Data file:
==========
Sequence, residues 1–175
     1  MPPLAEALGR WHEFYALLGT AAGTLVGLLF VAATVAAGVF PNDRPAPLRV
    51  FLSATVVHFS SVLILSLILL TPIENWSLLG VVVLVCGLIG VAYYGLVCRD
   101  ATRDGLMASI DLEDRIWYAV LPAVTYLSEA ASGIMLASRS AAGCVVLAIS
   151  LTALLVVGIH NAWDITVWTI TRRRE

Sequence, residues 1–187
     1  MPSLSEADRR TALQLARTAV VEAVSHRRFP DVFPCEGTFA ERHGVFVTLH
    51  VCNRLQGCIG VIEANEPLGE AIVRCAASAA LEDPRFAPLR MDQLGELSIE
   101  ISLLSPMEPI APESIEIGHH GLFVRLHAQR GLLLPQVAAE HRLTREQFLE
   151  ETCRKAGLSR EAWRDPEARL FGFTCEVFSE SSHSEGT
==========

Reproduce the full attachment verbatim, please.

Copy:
Sequence, residues 1–175
     1  MPPLAEALGR WHEFYALLGT AAGTLVGLLF VAATVAAGVF PNDRPAPLRV
    51  FLSATVVHFS SVLILSLILL TPIENWSLLG VVVLVCGLIG VAYYGLVCRD
   101  ATRDGLMASI DLEDRIWYAV LPAVTYLSEA ASGIMLASRS AAGCVVLAIS
   151  LTALLVVGIH NAWDITVWTI TRRRE

Sequence, residues 1–187
     1  MPSLSEADRR TALQLARTAV VEAVSHRRFP DVFPCEGTFA ERHGVFVTLH
    51  VCNRLQGCIG VIEANEPLGE AIVRCAASAA LEDPRFAPLR MDQLGELSIE
   101  ISLLSPMEPI APESIEIGHH GLFVRLHAQR GLLLPQVAAE HRLTREQFLE
   151  ETCRKAGLSR EAWRDPEARL FGFTCEVFSE SSHSEGT